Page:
6 min read

Advice for new stay-at-home dads

a man standing over a baby in a high chair

Welcome to the world of being a stay-at-home dad. Whatever your reason, you've made an awesome choice. The rewards of spending the time with your kids are endless. Watching them develop, being a safe space when they're hurt or hearing them laugh are only some of the highs. 

The first 1000 days of a child's life are the most important. Now that you've committed, here is some helpful advice from men who have been there before.  

1. Kids experience love through the time you spend with them.

It’s not about wearing the best clothes, having the most toys or going to the coolest parks. Your tamariki just want to spend time with you. Be apart of their world. Get on the floor to do the puzzle, build with the blocks, cut the pretend tomatoes or dance to their favourite show. You can also get them involved with your world. Love art? Pull out the paint. Bit of a muso? Have a jam on the guitar.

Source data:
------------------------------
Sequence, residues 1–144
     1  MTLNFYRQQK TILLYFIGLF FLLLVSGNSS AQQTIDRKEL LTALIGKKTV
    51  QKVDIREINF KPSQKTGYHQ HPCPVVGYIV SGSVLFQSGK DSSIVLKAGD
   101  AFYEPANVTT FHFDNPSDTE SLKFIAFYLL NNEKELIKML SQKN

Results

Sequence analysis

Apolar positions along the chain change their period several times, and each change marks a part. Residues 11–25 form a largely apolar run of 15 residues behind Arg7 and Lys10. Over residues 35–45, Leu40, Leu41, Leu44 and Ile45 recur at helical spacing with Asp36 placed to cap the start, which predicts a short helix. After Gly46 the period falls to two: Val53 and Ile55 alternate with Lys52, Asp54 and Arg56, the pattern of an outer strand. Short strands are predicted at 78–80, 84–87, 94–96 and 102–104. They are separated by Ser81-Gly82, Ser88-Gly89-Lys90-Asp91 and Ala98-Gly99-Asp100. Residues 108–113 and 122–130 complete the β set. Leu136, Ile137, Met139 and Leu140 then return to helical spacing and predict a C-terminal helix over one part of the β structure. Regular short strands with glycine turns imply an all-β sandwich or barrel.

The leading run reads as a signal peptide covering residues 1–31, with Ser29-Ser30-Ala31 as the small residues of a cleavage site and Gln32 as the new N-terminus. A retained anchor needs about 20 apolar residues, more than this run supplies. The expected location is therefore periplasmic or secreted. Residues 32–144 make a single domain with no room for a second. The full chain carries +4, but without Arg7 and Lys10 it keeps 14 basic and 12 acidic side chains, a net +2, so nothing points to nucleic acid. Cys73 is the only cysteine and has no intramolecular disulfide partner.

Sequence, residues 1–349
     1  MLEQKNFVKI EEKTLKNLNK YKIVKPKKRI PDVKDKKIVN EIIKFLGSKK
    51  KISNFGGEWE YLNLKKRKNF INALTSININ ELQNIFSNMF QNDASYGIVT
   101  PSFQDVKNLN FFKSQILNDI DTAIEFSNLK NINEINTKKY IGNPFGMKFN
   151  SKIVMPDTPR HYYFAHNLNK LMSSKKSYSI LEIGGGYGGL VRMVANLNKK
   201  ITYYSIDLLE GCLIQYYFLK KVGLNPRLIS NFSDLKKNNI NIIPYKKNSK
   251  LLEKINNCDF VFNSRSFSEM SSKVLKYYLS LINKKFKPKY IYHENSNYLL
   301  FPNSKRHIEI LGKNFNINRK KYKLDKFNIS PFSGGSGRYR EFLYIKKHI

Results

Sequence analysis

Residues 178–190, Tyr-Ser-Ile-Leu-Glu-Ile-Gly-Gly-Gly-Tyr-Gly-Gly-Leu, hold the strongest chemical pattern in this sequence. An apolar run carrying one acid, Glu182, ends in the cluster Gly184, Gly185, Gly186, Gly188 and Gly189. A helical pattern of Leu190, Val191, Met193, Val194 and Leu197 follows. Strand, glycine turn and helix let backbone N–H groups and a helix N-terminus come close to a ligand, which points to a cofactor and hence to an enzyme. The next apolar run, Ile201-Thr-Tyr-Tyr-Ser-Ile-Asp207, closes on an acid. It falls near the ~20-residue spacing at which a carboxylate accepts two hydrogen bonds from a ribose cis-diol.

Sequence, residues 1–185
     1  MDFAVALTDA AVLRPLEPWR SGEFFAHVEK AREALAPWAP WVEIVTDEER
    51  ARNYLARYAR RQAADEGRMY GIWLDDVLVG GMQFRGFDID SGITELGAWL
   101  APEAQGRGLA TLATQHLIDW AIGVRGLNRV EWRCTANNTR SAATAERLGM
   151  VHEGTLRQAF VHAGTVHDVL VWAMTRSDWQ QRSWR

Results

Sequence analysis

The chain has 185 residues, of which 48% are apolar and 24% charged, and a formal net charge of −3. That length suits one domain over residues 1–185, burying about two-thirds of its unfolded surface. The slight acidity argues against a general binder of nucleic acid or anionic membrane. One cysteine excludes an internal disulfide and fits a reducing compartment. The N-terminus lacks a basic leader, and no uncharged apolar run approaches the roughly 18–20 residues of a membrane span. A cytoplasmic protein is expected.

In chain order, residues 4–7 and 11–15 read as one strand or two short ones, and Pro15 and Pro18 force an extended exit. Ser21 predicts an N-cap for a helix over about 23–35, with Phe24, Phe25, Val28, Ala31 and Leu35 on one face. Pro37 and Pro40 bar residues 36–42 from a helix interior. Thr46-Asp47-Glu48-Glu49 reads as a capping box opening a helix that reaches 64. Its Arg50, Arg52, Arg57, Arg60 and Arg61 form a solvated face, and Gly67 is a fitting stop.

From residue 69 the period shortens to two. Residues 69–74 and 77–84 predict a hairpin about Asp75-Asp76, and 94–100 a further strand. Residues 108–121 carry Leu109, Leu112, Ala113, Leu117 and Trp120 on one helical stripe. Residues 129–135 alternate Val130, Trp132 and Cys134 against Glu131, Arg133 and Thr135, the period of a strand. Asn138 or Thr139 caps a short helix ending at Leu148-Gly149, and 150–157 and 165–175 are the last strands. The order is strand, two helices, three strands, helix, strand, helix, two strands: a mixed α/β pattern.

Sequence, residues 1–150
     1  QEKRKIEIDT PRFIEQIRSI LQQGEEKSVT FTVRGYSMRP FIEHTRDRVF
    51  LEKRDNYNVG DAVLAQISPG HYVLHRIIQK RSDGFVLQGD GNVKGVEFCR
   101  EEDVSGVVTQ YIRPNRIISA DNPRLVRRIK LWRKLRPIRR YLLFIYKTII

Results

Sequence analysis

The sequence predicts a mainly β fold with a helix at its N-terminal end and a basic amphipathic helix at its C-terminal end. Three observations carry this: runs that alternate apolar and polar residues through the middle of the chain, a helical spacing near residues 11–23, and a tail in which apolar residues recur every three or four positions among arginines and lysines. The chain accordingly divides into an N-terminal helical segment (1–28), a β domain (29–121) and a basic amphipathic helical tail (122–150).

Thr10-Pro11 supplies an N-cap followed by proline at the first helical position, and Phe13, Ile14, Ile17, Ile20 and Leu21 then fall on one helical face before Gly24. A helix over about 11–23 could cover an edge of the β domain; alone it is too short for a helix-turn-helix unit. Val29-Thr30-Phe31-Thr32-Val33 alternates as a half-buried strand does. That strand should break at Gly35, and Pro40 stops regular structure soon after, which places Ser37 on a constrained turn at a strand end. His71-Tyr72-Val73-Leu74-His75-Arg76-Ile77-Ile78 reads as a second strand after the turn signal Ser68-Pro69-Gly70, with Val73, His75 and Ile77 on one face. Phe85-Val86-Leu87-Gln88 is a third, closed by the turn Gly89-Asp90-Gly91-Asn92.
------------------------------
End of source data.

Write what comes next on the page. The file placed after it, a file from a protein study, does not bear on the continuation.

It’s not about teaching them to play the instrument or draw the picture – it’s about the time you spend with them. Make it fun and roll with joy over perfection. 

2. If your kids are little, you’ll be tired often. Late nights, early mornings and broken sleep will start to creep up on you. Rest when your little one sleeps or use that time to do the things that fill your cup. It won’t replace your lack of sleep but it will re-energise you for when they wake. 

3. It’s helpful to build activities into your week that get you out and about to avoid cabin fever. Try putting your little one in the pram and going for a run or walking to a cafe to meet a mate for lunch. The advantage of walking is you’ll likely arrive with a sleeping bub and space to have adult talk. Checkout your local play centre, library and community centre for activities. This can be a great way to meet other parents and socialise bub with new friends and experiences.

4. Every child needs an emotional connection with at least one adult. There’s something special about being that go to person and their dad. To know it was you that did the day-to-day nurturing. Remember to acknowledge that especially on the days that are tough. The bond you build with your child is a gift for both of you.

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